I am interested in growing my many fig trees in pots of some sort, partly so I can move and protect them more easily for cold weather, partly so I can move and rearrange them, and partly in the hopes of increased yield as a result of others on the forum indicating that they experienced such. I could try and source leftover landscaper’s pots in the 5 to 10 gallon range, but I am wondering if buying grow bags (preferably in brown, so they are less obtrusive to the neighbors) would actually be better. I do have some concern as to whether the effective lifespan of the grow bags will be sufficient for my purposes. Would y’all please chime in and offer up your experiences and suggestions for my situation?
I’m not a fan of the grow bags. They work great and you should get several years out of them. The problem I found with them was the roots sticking to the material when you try to get them out. I had to cut the material and peel it off the root ball.
Grow bags are just not going to be very sightly and will become less sightly as time goes on. I would not want to move my grow bags after moving them and tearing them when I moved them. The animals will tear them apart over time making them unsightly which is why I say they will get more unsightly over time even if they stay in one spot. I have found the handles to not be very effective since they brake when moving them with the weight and wear and tear of weather. They are good for a raised bed situation or a potted situation where you are not planning to move them or plan to just move them once. They are nice for perennials that can overwinter outside as my perennials have come back every year in them opposed to dying off like in my terracotta pots. In fact my zone 6 plants have now survived a -15,-10 and -8 three days in a row outside so some could argue they have heating properties.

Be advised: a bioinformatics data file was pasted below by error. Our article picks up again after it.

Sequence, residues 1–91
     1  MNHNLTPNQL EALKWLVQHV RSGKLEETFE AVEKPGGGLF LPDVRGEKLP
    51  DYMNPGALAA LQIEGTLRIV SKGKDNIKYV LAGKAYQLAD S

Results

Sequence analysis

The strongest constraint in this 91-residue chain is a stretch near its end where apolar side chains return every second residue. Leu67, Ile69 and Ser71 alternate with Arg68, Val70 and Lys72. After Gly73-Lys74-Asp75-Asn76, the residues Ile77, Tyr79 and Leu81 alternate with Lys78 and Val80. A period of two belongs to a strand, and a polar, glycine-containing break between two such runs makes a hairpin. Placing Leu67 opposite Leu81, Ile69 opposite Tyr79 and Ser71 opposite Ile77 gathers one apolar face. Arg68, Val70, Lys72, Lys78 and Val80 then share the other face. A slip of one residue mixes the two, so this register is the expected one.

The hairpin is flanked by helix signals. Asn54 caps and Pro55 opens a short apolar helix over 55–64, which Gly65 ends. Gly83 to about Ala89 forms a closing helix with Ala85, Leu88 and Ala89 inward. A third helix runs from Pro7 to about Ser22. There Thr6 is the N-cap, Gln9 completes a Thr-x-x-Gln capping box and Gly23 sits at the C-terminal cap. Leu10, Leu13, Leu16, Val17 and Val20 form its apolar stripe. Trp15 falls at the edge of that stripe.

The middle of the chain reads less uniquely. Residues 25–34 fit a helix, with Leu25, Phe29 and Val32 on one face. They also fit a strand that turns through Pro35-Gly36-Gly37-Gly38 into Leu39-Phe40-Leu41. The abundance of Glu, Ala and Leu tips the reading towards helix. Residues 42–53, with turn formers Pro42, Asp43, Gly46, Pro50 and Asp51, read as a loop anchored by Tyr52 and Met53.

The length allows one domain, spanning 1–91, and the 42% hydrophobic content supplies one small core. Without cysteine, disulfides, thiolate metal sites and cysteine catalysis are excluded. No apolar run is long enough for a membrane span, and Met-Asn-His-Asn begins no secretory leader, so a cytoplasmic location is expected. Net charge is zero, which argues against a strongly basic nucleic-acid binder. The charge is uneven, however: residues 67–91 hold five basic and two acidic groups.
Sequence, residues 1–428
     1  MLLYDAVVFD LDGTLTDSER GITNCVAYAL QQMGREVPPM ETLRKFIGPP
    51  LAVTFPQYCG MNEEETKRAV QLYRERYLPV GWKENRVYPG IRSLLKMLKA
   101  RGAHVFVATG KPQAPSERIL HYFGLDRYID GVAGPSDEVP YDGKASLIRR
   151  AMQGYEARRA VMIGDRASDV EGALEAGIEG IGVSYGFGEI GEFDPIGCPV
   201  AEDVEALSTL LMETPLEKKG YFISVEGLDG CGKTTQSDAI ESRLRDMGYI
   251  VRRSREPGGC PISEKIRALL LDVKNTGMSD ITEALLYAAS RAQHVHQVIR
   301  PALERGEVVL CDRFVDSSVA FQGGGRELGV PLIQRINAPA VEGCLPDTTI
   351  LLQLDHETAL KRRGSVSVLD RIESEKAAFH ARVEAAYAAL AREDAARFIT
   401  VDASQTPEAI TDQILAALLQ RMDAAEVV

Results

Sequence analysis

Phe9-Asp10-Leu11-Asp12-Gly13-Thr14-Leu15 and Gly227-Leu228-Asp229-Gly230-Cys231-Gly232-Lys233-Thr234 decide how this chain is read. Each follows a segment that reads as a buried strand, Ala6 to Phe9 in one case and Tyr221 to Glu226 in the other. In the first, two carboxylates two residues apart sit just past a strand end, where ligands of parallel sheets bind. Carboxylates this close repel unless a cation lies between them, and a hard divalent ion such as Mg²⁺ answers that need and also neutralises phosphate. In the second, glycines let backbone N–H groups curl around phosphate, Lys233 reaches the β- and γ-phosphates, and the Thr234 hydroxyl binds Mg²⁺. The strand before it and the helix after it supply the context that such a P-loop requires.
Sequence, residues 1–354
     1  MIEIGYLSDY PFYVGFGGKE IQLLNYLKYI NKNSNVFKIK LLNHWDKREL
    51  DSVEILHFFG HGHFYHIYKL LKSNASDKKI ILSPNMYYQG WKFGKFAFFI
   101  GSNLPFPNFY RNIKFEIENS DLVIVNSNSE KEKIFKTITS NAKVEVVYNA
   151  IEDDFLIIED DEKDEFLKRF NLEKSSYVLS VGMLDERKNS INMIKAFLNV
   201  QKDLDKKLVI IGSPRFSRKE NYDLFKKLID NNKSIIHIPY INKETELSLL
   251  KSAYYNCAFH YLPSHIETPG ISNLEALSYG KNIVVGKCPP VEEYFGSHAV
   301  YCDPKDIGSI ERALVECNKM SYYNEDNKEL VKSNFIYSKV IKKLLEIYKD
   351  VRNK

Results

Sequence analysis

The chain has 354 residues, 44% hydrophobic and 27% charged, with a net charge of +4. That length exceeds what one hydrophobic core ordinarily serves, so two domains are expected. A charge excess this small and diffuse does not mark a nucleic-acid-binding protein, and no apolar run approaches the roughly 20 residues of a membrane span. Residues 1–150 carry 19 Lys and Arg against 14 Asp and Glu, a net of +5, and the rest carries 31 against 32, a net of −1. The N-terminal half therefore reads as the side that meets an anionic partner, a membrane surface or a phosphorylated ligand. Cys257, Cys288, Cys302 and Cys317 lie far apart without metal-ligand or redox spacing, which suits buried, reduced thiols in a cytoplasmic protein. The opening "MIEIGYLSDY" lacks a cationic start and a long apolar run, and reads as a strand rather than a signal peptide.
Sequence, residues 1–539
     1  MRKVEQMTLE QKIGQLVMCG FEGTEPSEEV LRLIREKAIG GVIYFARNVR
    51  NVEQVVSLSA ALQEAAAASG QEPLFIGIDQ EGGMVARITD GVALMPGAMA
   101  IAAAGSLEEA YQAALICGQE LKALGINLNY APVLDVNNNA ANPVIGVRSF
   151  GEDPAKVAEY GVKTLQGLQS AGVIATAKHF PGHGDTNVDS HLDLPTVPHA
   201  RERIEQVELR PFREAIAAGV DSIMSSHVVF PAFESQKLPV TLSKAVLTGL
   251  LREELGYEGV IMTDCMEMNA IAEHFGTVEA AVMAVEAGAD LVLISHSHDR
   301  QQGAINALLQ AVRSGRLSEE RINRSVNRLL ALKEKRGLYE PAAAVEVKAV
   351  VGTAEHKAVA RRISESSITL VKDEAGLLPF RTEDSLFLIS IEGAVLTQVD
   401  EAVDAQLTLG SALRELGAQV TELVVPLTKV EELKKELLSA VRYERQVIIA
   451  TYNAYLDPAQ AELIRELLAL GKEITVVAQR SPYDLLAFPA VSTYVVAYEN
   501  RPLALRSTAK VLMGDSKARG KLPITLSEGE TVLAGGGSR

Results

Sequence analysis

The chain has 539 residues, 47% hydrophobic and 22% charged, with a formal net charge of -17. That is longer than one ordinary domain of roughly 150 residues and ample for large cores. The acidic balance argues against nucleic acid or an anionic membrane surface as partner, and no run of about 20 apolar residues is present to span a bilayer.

Are you suggesting that you might get higher yields from potted figs than in-ground figs? Surely not! No matter how large pots I used - including 1/2 55 gallon drums, my potted figs never got even 1/2 as large nor produced 1/2 as much as my inground figs of the same variety
Here in our maritime area most folks grow figs in pots, It sounds a bit nonsensical, but the suns heat creates a warm spot around the potted roots creating the impression that fruit needs to ripen faster, so the fruit responds accordingly. One friend gets the best out of this and also lets the deeper roots penetrate into the soil to support the larger tree production. In your area you have enough heat to ripen figs, but here that’s not true, so you have to trick the tree into thinking it needs to ripen faster. Otherwise the main crop gets wasted by the early winter!
OK, now I understand. I sometimes forget how different all our growing conditions are. Here I really hated my potted figs sooo much. I had to water them almost every day, they never got very big (compared to in ground) and never produced very much (again, compared to ground). Eventually I decided that whatever advantage I got from hauling those darn pots inside in the winter just wasn’t worth it, especially since my older in ground figs would come back - even if killed down to the ground- enough to produce a decent crop the same year. And they only get killed to the ground about once every 3-4 years. So here, pots make little sense. But you guys aren’t here!!! haha. Thanks for explaining.